Since then, Ohio’s lawmakers have heard a mountain of testimony on both sides of the issue. For all of the adamant wind and solar haters out there who initially think SB 52 sounds great, I would encourage you to think about that first blank spot, especially if you own land or are involved in Ohio agriculture. Think of all of the land uses for your community that could be inserted there instead. 

The thought process behind SB 52 has been floating around out there in the breeze for several years now. Initially the idea of this referendum was just directed at wind, but this time around things are heating up a bit more as solar has been added. What else could be added down the road? In February, the Toledo Blade ran a letter to the editor: “Give communities a say in CAFOs” in response to the possibilities that could unfold in a future with SB 52 as law. If communities get to vote on what they think a landowner should do with their property, where do landowner rights end and community rights begin? The answer is clearly not the property line.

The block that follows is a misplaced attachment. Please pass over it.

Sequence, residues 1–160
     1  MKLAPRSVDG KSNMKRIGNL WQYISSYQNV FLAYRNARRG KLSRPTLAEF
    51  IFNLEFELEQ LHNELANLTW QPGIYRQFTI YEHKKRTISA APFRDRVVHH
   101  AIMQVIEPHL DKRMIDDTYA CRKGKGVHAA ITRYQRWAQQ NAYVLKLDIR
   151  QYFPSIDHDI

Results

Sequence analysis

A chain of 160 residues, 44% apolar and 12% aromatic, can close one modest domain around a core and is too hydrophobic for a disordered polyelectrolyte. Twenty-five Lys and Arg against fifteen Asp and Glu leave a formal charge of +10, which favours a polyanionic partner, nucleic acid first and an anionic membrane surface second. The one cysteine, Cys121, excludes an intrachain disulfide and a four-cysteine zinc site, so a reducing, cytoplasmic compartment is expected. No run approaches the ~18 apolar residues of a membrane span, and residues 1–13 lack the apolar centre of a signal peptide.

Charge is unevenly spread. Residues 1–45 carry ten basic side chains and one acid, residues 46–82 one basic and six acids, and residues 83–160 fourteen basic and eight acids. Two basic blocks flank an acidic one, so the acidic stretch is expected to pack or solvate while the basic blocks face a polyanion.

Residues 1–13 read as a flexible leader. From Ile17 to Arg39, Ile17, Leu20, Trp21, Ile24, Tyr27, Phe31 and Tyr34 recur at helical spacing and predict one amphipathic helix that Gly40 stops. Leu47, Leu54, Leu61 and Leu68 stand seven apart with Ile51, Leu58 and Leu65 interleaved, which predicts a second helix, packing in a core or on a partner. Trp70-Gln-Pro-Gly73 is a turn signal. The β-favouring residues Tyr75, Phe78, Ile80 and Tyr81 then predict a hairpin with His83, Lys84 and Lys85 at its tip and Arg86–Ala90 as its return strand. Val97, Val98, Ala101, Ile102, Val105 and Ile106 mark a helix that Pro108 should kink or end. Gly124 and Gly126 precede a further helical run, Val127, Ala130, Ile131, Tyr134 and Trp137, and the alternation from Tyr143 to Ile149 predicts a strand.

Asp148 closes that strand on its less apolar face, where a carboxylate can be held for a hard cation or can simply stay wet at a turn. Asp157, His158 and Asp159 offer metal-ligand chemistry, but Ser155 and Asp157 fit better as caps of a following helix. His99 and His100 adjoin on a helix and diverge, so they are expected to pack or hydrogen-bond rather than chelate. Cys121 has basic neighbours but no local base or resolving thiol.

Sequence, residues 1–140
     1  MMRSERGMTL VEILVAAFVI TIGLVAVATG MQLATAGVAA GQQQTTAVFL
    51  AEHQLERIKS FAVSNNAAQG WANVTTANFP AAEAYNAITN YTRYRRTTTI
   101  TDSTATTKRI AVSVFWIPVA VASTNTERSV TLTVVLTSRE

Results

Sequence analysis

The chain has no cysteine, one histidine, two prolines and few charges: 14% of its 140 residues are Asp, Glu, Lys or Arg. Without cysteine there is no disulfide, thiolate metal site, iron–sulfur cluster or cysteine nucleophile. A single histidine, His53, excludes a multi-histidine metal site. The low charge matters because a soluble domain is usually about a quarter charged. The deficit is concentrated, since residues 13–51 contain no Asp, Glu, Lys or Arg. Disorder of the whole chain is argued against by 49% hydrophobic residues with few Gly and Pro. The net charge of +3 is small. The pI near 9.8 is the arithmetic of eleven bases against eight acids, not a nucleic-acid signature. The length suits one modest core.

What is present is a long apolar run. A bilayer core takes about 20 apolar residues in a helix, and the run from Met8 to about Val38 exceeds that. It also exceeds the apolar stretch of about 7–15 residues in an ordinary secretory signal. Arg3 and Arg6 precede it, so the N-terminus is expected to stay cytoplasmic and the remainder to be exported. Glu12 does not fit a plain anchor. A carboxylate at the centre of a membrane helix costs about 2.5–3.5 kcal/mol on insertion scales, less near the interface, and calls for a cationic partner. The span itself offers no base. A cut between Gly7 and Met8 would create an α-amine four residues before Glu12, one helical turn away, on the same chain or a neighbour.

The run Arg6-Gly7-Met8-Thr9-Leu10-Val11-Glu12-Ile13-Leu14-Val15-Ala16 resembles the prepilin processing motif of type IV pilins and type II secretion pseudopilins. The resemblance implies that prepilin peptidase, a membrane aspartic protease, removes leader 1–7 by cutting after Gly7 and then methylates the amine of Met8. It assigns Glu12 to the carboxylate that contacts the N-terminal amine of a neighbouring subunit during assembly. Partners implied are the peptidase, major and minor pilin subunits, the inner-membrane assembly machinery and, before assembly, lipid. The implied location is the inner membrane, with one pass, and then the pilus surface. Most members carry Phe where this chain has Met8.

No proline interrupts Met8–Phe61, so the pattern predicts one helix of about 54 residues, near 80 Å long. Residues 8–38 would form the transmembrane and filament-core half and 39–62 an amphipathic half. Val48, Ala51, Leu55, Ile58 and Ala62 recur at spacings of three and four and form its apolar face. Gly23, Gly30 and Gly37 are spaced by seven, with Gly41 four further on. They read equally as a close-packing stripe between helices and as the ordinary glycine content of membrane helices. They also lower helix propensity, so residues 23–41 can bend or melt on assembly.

Lawmakers are now carefully considering the future of SB 52 to address the many concerns regarding wind and solar development around the state. 

If you have a chance to talk with your Ohio lawmakers about this issue, please consider the precedent SB 52 would set and all of the land uses communities may not like (and decide should go up for a vote) when it comes to the future potential of filling in that first blank. And then, before you know it, the rest of those blanks could be filled by a township and county near you.